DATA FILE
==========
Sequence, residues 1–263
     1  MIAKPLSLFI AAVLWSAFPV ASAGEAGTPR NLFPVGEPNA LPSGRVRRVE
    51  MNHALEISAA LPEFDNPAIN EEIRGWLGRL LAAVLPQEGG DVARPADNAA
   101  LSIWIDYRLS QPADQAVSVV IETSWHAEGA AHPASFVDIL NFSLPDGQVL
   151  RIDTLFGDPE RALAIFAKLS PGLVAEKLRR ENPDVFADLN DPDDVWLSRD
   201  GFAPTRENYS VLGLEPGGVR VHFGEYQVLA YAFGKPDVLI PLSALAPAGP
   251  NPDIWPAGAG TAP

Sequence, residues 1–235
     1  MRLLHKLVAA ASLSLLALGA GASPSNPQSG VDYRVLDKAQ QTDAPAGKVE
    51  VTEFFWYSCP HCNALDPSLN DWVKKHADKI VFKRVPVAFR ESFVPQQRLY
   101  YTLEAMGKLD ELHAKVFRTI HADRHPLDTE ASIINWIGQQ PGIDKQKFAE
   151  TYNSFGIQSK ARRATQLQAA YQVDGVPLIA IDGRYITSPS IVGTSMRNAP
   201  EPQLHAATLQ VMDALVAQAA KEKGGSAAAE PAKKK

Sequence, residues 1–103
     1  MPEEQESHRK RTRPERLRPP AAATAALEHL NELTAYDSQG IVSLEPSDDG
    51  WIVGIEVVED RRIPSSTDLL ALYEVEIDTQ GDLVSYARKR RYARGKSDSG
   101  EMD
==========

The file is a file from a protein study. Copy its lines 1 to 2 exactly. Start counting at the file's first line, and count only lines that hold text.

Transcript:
Sequence, residues 1–263
     1  MIAKPLSLFI AAVLWSAFPV ASAGEAGTPR NLFPVGEPNA LPSGRVRRVE